Strike out beyond the prom to discover Hastings and St Leonards’ best pubs in History Walks Book 6 Pub Walks in Hastings & St Leonards.

History Walks Book 6 – Pub Walks in Hastings & St Leonards.

Hastings in Focus

History Walks, Talks and Books – More than just footsteps on a Path.

For more information visit: www.1066haroldsway.co.uk

Next Talk– Walking the High Weald

Three Castles and an Ironmaster’s House

3 Castles Rye U3A

Look Inside http://online.pubhtml5.com/uslz/gnfe/

This talk is an engaging account of a walk between four National Trust properties; Bodiam Castle, Sissinghurst Castle, Scotney Castle and Bateman’s, that explores the history and the industrial past of the High Weald Area of Outstanding Natural Beauty, in this part of Kent and East Sussex.

And such a varied landscape brings together tales to tell of Mad Jack Fuller and Bloody Baker, Admiral ‘Foulweather Jack’ Norris, and Captain Swing. There are tales of smugglers and Mechanical riots, Napoleon’s horse, aliens in Robertsbridge and, of course, that ‘vengeful dragon’ in Angley Wood.  Three Castles and an Ironmaster’s House will take you on a picturesque and enjoyable tour of the High Weald – without getting mud on your boots.

From History Walks, Talks and Books – More than just footsteps on a Path.

For more information visit: www.1066haroldsway.co.uk

Next Talk– Walking the High Weald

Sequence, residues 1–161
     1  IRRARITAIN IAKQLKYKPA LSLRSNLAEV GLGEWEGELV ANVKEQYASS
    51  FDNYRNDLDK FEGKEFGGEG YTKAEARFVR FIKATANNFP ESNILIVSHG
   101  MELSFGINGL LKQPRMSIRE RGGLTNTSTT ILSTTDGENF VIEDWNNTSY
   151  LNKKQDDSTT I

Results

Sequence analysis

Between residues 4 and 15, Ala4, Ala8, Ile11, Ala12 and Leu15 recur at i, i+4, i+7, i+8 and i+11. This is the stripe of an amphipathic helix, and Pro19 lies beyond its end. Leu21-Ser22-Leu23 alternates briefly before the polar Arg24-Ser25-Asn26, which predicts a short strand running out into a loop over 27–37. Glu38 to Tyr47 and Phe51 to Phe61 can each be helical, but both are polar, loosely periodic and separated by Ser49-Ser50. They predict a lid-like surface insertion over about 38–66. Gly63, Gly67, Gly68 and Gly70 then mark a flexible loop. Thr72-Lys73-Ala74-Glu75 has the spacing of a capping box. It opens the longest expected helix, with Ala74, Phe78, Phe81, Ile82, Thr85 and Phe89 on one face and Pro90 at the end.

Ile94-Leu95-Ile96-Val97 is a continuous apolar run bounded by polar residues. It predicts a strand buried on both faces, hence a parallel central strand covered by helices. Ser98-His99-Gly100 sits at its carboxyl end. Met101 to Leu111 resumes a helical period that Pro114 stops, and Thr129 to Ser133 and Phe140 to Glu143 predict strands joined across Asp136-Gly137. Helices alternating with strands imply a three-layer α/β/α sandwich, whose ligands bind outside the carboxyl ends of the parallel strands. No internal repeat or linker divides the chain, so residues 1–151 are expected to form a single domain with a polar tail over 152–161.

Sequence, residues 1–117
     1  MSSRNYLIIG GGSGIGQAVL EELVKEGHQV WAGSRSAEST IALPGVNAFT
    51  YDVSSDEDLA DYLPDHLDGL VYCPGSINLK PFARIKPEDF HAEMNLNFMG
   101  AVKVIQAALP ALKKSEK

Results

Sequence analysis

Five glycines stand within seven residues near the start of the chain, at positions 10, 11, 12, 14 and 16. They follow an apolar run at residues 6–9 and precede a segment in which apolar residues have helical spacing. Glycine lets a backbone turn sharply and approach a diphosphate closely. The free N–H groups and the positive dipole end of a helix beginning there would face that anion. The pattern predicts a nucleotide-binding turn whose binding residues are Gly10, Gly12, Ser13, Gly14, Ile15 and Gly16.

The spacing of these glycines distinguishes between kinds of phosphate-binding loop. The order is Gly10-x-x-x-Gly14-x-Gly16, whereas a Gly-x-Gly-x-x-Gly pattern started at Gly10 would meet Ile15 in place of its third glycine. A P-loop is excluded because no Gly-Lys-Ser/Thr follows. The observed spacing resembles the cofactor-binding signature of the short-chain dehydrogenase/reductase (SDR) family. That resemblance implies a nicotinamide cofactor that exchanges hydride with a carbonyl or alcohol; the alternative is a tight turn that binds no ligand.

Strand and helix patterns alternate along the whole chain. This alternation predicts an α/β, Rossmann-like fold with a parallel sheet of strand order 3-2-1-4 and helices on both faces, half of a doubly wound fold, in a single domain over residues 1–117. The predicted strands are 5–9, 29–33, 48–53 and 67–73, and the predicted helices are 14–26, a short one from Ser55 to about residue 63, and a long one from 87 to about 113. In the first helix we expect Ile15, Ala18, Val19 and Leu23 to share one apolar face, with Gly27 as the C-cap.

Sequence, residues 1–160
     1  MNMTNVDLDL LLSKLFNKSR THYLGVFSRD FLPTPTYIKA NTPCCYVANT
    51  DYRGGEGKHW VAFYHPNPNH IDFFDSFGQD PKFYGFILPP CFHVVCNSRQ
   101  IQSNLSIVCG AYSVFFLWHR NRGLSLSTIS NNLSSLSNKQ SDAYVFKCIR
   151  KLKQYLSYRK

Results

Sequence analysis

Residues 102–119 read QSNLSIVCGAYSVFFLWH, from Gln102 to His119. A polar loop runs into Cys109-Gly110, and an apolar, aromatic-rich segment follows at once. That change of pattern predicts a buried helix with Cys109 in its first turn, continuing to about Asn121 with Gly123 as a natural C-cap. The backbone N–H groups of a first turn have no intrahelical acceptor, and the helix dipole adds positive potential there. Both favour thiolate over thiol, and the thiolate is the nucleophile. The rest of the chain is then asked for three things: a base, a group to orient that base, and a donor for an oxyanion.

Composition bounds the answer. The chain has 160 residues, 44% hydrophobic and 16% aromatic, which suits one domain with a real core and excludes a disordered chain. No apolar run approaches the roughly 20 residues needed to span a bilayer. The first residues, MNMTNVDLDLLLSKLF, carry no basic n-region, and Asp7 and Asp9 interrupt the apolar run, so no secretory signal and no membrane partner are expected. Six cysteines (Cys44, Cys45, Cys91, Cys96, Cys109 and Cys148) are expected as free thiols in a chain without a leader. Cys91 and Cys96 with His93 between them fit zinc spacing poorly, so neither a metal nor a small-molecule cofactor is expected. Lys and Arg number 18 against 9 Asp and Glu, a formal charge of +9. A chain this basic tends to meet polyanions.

Three Castles and an Ironmaster’s House

2019 3 Cs Polegate

Look Inside http://online.pubhtml5.com/uslz/gnfe/

This talk is an engaging account of a walk between four National Trust properties; Bodiam Castle, Sissinghurst Castle, Scotney Castle and Bateman’s, that explores the history and the industrial past of the High Weald Area of Outstanding Natural Beauty, in this part of Kent and East Sussex.

And such a varied landscape brings together tales to tell of Mad Jack Fuller and Bloody Baker, Admiral ‘Foulweather Jack’ Norris, and Captain Swing. There are tales of smugglers and Mechanical riots, Napoleon’s horse, aliens in Robertsbridge and, of course, that ‘vengeful dragon’ in Angley Wood.  Three Castles and an Ironmaster’s House will take you on a picturesque and enjoyable tour of the High Weald – without getting mud on your boots.

From History Walks, Talks and Books – More than just footsteps on a Path.